The Maier Museum of Art at Randolph College has been given a rare slap on the wrist: Randy Kennedy reports in the New York Times that the Association of Art Museum Directors has asked its members not to loan works to or collaborate with the Randolph’s museum. The college’s crime? Its decision to sell a George Bellows painting in order to raise money towards the college’s operating budget. The 1912 painting, Men of the Docks, was purchased for $2,500—money raised by a group of students at the college. Last month, it was revealed that the museum sold it to the National Gallery of Art in London for $25.5 million. “The prohibition against the sale of works of art from museum collections for such purposes is a violation of one of the most fundamental professional principles of the art-museum field,” said the association in a statement. The group also asked member museums to “suspend any loans of works of art to and any collaboration on exhibitions and programs with the Maier Museum of Art.”
Sandra Jackson-Dumont has been appointed chairman of education at the Metropolitan Museum of Art. Since 2006 she has acted as director of education and public programs as well as adjunct curator of modern and contemporary art at the Seattle Art Museum. Prior to this role, she held positions at the Studio Museum and the Whitney Museum of American Art. Said director Thomas P. Campbell: “Sandra is a visionary, highly respected educator who has been connecting art and audiences at museums on the East and West coasts for a number of years. I am thrilled that she has agreed to return to New York City to lead our extensive educational initiatives with her trademark dynamism and intelligence.”
The J. Paul Getty Trust, the world’s richest visual-art institution, saw its endowment rise to $6.2 billion over 2013 due to a surge in financial markets, reports Mike Boehm of the Los Angeles Times. Gains from investments totaled $766.74 million over the past year—the institution saw a 13.7 percent return on its investments—which is enough to cover its expenses while saving $534 million. Officials said the endowment gained an additional $300 million during the second half of 2013, reaching $6.2 billion by the year’s end. The core budget for the current fiscal year is $263 million, which remains 20 percent below where it stood at its prerecession peak. President James Cuno remarked that, despite these gains, the institution plans to continue a program of fiscal conservatism: “One makes decisions independent of available resources because one wants to make sure one is spending wisely.”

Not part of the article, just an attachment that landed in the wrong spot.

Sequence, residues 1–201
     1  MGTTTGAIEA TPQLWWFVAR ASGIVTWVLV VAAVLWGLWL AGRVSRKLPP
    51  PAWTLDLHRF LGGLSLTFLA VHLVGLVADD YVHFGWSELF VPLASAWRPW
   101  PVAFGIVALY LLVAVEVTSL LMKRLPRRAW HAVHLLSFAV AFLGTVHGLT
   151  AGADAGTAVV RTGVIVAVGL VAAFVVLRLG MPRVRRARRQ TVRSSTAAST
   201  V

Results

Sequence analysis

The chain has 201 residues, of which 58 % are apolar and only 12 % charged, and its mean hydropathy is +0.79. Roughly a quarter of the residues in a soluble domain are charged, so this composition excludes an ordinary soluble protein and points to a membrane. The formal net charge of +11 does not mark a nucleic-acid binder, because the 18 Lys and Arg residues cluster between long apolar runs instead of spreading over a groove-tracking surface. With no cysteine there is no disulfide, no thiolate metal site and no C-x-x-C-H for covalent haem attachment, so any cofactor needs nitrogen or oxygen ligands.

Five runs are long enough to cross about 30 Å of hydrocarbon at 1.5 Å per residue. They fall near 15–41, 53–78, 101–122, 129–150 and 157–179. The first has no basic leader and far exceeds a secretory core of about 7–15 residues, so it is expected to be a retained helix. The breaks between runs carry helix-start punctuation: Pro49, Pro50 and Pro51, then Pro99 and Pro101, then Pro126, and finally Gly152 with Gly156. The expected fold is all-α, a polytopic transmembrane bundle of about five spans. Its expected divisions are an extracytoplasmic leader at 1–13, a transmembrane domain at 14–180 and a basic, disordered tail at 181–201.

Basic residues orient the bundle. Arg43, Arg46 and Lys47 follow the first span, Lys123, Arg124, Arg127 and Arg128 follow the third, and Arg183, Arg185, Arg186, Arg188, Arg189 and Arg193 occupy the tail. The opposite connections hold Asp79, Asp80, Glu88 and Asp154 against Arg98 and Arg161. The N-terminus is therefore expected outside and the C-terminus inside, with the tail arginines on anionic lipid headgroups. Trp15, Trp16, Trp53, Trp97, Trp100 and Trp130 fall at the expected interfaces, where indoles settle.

Prada Marfa, the conceptual storefront by Elmgreen and Dragset, was defaced over the weekend, according to the Art Newspaper’s Helen Stoilas. While the project has frequently been damaged with graffiti and bullet holes, the wreckage is worse this time: The site’s “now coated in toxic paint while the insulation foam garbage left behind by the defacer(s) blows across the highway and into the landscape,” in the words of Ballroom Marfa. "It is crazy that we have come to a point in our culture where some individuals in their insane egomania, eager to obtain a bit of attention, start attacking other artists’ works,” wrote Elmgreen and Dragset. “To believe that you can fight something like social inequality by overpainting a sculptural work in the Texan dessert with toxic blue paint is pretty off the target.”
According to the Big Bend Sentinel’s John Daniel Garcia, some are speculating that an artist known as 9271977 may be responsible for the damage, because text left at the site matches passages found on the artist’s website. Garcia also noted that Ballroom Marfa’s executive director Melissa McDonnell Lujan estimates the cost of repair to fall somewhere between $10,000 and $20,000.
The Asheville Art Museum in North Carolina will have another six months to demonstrate to the local tourism board that it’s met its fundraising goal of $17 million in order to receive an additional $2 million in government money for an ambitious expansion program. According to Roger McCredie in The Tribune Papers, museum executive director Pam Myers said that about $11.4 million had been raised since 2006.